They start making their way back to civilisation. Mulder mentions an X-File going back to 1953 about “moth men” with glowing red eyes which terrorised small towns and killed livestock. Glaser starts to panic, realising they’ve lost the trail back. Scully spots something moving in the woods. She and Mulder attempt to corner and shoot it but it disappears. Glaser bolts off in the opposite direction—solid plan, dude—and is swiftly snatched by one of Peeta’s crew.
Scully rescues Mulder from being mauled by Peeta. He’s OK but all torn up. They can’t find Glaser, so they’re left to make a campfire and hang out overnight in the woods. Ginger, get the popcorn. These moments are without rival the best parts of the show. This entire sequence is the warm-hearted successor to their night on the rocks in Big Blue’s lake and it’s chock full of delicious low-key flirting. As Scully unsuccessfully tries to light a fire, Mulder talks about how to keep warm. He says the best way is to crawl naked into a sleeping bag with someone who’s already naked. Scully nods and says if it happens to rain sleeping bags, he might get lucky. Then they start talking about the Flintstones. Mulder asks if she identified more with Betty or Wilma. Gillian, the biggest troll of the 90s, says she identified with Betty’s bust line. I want to snuggle this dialogue.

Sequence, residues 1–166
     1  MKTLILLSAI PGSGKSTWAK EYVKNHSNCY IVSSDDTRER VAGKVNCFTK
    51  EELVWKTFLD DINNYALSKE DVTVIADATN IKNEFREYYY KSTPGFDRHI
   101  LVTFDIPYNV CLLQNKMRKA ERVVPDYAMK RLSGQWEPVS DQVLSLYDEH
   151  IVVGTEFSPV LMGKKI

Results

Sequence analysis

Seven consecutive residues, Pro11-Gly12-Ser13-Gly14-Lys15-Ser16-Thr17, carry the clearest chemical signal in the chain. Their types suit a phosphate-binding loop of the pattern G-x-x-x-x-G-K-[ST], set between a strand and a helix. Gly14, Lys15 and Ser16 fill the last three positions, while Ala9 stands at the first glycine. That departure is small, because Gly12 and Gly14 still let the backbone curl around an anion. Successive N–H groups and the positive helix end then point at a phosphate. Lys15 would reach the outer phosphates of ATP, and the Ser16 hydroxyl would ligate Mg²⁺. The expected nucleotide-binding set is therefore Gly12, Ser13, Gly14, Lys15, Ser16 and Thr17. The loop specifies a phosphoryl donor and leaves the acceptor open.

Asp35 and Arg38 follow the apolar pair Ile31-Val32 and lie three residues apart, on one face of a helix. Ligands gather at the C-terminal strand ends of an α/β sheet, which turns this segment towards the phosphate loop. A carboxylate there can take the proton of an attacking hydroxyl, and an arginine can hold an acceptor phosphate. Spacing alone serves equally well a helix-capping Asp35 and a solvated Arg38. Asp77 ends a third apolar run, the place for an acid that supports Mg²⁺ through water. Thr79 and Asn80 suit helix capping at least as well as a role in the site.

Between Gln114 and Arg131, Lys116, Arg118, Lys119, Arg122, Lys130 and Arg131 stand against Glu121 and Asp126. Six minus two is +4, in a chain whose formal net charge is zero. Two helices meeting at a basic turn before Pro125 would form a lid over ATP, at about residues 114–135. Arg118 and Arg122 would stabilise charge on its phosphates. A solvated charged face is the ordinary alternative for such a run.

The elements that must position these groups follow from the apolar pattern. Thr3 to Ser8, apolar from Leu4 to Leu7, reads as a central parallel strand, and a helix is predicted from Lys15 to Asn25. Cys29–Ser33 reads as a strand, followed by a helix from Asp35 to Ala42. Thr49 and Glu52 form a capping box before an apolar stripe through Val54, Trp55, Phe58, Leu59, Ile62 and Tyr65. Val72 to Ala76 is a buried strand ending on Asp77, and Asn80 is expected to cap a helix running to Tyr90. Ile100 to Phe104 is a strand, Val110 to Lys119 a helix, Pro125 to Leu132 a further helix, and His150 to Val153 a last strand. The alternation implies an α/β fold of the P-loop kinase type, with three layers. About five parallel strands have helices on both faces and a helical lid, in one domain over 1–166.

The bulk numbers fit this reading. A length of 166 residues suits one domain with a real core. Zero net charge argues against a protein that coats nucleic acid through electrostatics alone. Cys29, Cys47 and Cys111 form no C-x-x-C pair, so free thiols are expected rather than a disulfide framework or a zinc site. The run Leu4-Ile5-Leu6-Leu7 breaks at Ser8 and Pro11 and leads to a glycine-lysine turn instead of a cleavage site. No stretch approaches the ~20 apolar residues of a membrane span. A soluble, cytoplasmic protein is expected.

There is a slightly more loaded conversation about death and how meaningless it is and nature’s supreme indifference to what happens to them but no one cares about that. Scully pulls Mulder in close to keep him warn and he playfully says he doesn’t want to wrestle. He coaxes her to sing so she launches into a delicious refrain of “Jeremiah was a bullfrog.” The next morning, Mulder wakes up in a panic as Scully’s nowhere to be seen. She reappears from behind some trees, berries in hand, and assures him he never left her sight. Somebody send the writers some chocolates. I’m so happy.
Peeta wisely chooses not to interrupt this beautiful love scene and instead manages to lure Scully into his lair. She falls down a hole into an underground tunnel of sorts, finding all the people who were snatched trussed up in the walls. Peeta—or one of his compadres—stands at the end of the tunnel staring at her. That part was also terrifying. Keeping us humble after the shenanigans by the campfire. Up above, Mulder sees something moving behind him and jumps into the hole with Scully. Scully takes his gun and shoots Peeta. Furrowing her brow, she declares that there has to be a scientific explanation for all this. (Earlier in the episode, the camera closes in on a science textbook in Louis’ room just as Dana walks in. I chortled.)